MORNING MASS IN THE CHAPEL OF THE
DOMUS SANCTAE MARTHAE
HOMILY OF HIS HOLINESS POPE FRANCIS
"With a “naked heart”"
Saturday, 21 March 2020
Today I would like to remember the families who cannot leave their homes. Perhaps the only horizon they have is the balcony. And inside, the family, with the children, teenagers, parents… May they find the way to communicate well with each other, to build loving relationships in the family, and may they succeed in vanquishing the anguish of this time, together, as a family. Let us pray for the peace of families today, in this crisis, and for creativity.
The Word of the Lord that we heard yesterday: “Return, come home” (cf. Hos 14:2); in the same book of the prophet Hosea we also find the answer: “Come, let us return to the Lord” (Hos 6:1). It is the answer when that “return home” touches the heart: “Let us return to the Lord: He has torn us to pieces but He will heal us. He has injured us but He will bind up our wounds … Let us acknowledge the Lord; let us press on to acknowledge Him. As surely as the sun rises, He will appear” (Hos 6:1.3). The trust in the Lord is sure: “He will come to us like the winter rains, like the spring rains that water the earth” (v. 3). And with this hope, the people commence their journey to rediscover the Lord. And one of the ways, one of the methods for finding the Lord is prayer. Let us pray to the Lord, let us return to Him.
In the Gospel (cf. Lk 18:9.14), Jesus teaches us how to pray. There are two men, a presumptuous one who goes to pray, but in order to say that he is good, like saying to God: “Look at me, I am so good: if you need anything, tell me, and I will solve your problem”. He addresses God in this way. Presumptuously. Perhaps he did all the things that the Law said, he says: “I fast twice a week and give a tenth of all I get” (v. 12)… “I am good”. This reminds us also of the other two men. It reminds us of the older son in the parable of the prodigal son, when he says to the father : ”I have been so good but you never throw a party for me, but he is a wretch and you celebrate for him…” Presumptuous (see Lk 15:29-30). The other, whose story we have heard in these days, is that rich man, the man without a name, but who was rich; incapable of making a name for himself but rich, and the misery of others did not matter to him (see Lk 16:19-21). These are the ones who are sure of themselves or of their money or their power.
Then there is the other, the publican. He does not go to the altar but stays at a distance. “The tax collector stood off at a distance and would not even raise his eyes to heaven, but beat his breast and prayed, ‘O God be merciful to me a sinner’” (Lk 18:13). This also leads us to the memory of the prodigal son: he is aware of the sins he has committed, of the bad things he has done; he too beat his breast: “I shall… go to my father and I shall say to him, ‘Father, I have sinned’”. Humiliation (Lk 15:17-19). It reminds us of the other, the beggar Lazarus, at the door of the rich man, who lived out his misery in front of the presumptuousness of that lord (cf. Lk 16:20-21). There is always this combination of people in the Gospel.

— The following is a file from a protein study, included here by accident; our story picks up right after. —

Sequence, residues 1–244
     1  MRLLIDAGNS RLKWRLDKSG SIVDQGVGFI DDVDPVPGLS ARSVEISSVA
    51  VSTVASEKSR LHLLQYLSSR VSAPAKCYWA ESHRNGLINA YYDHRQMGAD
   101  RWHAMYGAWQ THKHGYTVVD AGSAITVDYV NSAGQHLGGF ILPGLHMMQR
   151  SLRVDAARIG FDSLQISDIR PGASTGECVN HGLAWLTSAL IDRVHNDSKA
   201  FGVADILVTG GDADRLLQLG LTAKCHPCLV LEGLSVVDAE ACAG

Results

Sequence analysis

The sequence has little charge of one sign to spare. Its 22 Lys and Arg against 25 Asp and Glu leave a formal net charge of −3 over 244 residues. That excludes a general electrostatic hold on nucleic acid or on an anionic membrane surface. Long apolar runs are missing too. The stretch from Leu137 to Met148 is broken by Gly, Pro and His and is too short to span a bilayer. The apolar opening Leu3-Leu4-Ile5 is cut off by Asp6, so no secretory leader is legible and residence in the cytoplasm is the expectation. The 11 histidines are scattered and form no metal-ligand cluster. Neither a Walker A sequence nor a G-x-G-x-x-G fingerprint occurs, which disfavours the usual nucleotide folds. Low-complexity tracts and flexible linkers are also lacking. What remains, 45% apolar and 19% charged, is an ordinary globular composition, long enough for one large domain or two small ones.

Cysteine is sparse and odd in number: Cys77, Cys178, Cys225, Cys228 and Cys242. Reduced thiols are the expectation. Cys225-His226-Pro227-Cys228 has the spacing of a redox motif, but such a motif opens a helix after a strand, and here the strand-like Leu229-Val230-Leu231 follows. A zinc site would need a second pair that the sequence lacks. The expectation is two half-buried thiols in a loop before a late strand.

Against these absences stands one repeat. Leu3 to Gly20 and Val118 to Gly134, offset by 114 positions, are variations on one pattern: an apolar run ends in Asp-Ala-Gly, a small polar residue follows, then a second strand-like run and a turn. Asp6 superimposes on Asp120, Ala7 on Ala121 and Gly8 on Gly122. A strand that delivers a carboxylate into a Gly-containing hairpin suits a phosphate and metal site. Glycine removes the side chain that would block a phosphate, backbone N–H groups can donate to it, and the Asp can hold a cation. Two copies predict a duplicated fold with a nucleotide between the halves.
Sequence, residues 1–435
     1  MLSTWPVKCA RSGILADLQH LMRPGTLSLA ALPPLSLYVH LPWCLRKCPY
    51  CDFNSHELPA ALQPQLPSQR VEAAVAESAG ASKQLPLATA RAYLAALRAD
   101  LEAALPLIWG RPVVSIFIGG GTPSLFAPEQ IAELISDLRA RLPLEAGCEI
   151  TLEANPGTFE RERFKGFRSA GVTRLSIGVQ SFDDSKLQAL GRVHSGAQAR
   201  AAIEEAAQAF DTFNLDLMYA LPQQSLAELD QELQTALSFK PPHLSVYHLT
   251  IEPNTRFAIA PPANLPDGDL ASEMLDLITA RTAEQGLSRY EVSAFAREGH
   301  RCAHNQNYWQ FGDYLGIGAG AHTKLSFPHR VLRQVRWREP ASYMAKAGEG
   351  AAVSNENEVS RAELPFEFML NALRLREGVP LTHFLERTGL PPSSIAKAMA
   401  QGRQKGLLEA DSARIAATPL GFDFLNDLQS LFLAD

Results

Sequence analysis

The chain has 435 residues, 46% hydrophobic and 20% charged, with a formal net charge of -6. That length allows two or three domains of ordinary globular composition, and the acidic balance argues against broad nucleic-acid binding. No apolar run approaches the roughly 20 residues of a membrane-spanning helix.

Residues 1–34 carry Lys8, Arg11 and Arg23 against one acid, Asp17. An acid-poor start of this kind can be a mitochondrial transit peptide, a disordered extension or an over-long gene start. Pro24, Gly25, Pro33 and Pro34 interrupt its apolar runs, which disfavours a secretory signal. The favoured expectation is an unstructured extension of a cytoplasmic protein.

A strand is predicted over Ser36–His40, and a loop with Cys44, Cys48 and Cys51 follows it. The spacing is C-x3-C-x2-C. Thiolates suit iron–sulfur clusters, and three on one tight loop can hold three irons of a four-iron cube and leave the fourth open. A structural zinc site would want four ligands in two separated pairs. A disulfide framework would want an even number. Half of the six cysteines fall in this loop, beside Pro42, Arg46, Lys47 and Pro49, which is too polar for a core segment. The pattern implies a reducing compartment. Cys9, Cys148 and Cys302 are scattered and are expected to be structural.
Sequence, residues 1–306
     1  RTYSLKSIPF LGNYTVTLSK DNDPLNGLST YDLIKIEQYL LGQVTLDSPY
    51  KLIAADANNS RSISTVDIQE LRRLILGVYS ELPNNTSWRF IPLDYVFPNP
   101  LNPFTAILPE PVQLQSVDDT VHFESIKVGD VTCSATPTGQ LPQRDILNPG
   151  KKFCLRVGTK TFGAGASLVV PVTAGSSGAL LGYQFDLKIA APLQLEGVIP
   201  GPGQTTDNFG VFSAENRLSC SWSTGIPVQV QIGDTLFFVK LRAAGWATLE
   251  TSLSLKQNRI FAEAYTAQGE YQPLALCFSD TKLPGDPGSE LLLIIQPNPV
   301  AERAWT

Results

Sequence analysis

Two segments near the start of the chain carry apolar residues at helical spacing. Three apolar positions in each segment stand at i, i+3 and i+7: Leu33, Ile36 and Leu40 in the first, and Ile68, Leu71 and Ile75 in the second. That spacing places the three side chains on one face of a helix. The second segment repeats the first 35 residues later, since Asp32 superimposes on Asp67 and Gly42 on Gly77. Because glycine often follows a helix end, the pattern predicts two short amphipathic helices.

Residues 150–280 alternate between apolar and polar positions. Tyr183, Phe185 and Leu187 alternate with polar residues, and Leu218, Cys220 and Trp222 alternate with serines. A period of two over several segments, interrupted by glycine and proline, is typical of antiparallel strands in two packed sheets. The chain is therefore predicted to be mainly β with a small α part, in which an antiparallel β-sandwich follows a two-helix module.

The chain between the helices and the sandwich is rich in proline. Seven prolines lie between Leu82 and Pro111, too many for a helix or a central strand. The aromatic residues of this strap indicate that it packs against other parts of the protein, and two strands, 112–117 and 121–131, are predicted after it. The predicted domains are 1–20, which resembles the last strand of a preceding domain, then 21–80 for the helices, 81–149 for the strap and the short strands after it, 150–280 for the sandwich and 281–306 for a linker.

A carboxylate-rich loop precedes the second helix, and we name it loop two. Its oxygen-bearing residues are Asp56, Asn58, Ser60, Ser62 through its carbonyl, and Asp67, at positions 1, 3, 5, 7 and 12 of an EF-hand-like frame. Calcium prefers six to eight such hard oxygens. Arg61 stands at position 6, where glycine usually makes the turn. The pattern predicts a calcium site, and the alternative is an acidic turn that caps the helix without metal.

In this case, the Lord teaches us how to pray, how to approach, how we must approach the Lord: with humility. There is a beautiful image in the liturgical hymn of the feast of Saint John the Baptist. It says that the people came to the Jordan to receive baptism, “naked in soul and foot”: to pray with the naked soul, unembellished, without dressing up in one’s own virtues. He, we read at the beginning of the Mass, forgives all sins but needs us to show Him our sins, with our nakedness. To pray in this way, exposed, with a naked soul, without covering up, without trusting even in what I have learned about the way to pray… To pray, you and I, face to face, with a naked soul. This is what the Lord teaches us. Instead, when we go to the Lord, a bit too sure of ourselves, we fall into the presumptuousness of this man [the Pharisee], or of the elder son, or of that rich man who lacked nothing. We will have the same sureness from the other side. “I will go to the Lord… I want to go, to be educated… and I will speak to Him face to face, practically…”. This is not the way. The way is by lowering oneself. Lowering oneself. The way is reality. And the only man who, in this parable, had understood reality, was the tax collector: “You are God and I am a sinner”. This is reality. But I say that I am a sinner not with the mouth: with the heart. To feel that one is a sinner.
Let us not forget this, which the Lord teaches us: justifying oneself is arrogance, it is pride, it is exalting oneself. It is dressing oneself up as something that one is not. And the miseries remain within. The Pharisee justified himself. [Instead he needed to] Confess directly his own sins, without justifying them, without saying: “But no, I did this but it was not my fault…”. The naked soul. The naked soul.
May the Lord teach us to understand this, this attitude to begin to pray. When we begin prayer with our justifications, with our certainties, it will not be a prayer: it will be speaking to the mirror. Instead, when we begin prayer with true reality - “I am a sinner” - it is a good step towards letting the Lord look upon us. May Jesus teach us this.
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